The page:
A Letter to My Son on World Polio Day
October 24, 2013 BY Guest Blogger
Dennis Ogbe is a U.S. Paralympian and Shot@Life Champion.
My dearest son Allen,
Welcome to the world Allen! Today you are three weeks old, and I just spent some time rocking you to sleep. As I looked down in my arms, I was as every bit in awe of you as the first moment that I saw you.
With your tiny body just a bit bigger than my two hands, I realized how completely vulnerable and innocent you are. I am feeling such a weight of responsibility knowing that you are completely dependent on me and your mother for your needs. In your lifetime, I won’t be able to give you everything that you want, but I promise to always find a way to provide you with everything that you need. I’m confident that I will meet all of your needs because of this great country that you were born into. While it may not be perfect, I know that you will have better access to basic amenities then what my family in Africa was provided.
You see Allen, my parents (your grandparents) loved me just as intensely as your mom and I love you. Even with that immeasurable amount of love, it couldn’t always bring the basic amenities of clean water, access to doctors, or vaccinations. So as I look at you knowing that I can protect you from so much, I reflect back on the babies born in Africa and all around the world who are born into different circumstances than you. They are all just as vulnerable and innocent as you.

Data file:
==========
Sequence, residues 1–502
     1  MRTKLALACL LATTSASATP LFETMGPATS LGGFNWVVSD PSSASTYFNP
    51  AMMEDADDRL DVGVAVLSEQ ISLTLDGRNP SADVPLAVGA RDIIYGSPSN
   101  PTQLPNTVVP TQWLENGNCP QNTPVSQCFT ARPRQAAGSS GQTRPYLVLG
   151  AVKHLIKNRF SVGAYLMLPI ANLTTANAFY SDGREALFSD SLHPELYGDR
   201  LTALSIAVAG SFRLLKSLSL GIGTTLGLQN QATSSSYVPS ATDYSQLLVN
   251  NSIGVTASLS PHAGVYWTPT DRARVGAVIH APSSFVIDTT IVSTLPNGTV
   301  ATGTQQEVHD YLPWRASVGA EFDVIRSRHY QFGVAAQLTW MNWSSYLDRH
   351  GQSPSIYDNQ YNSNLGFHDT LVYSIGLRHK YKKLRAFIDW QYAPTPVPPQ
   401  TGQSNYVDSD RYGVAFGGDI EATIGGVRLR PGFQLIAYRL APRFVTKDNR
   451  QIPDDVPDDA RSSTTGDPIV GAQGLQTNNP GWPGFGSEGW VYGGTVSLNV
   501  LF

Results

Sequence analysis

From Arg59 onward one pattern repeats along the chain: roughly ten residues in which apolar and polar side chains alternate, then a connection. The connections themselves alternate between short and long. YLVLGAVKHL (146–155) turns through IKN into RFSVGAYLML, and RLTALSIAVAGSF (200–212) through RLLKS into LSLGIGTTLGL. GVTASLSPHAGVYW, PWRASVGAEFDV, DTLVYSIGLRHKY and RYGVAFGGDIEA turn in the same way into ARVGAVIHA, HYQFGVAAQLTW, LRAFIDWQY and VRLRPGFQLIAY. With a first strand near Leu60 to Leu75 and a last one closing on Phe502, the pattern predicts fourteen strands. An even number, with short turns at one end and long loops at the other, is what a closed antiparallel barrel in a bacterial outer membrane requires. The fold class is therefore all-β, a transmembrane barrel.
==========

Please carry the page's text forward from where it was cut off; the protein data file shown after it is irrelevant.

Every baby should have the same opportunities to good health. Fear of diseases that have proven to be preventable by vaccines just shouldn’t exist. It isn’t right that in village where I was born children are still to this very day getting polio, the disease that paralyzed my left leg. As a father, I now fear even more for those children and their parents.
So my prayer for you Allen is to always have a grateful heart for what you have been provided in your life. I want you to seize every opportunity that comes your way and set goals to take you to the next level. Take full advantage of your good health. I want you to run, exercise, play outside as much as you can, and enjoy playing sports with your friends. Finally, I want you to learn and value an important lesson that my father taught me: He always told me to “give back.”
Allen, whenever you find yourself settled on the path of life that you want to lead, I want you “give back” to this world that has given you so much. In the meantime, in honor of you and your sister, MaryLou, I promise to use my voice and life-experience to be an advocate for children who are as vulnerable and innocent as you are right now.
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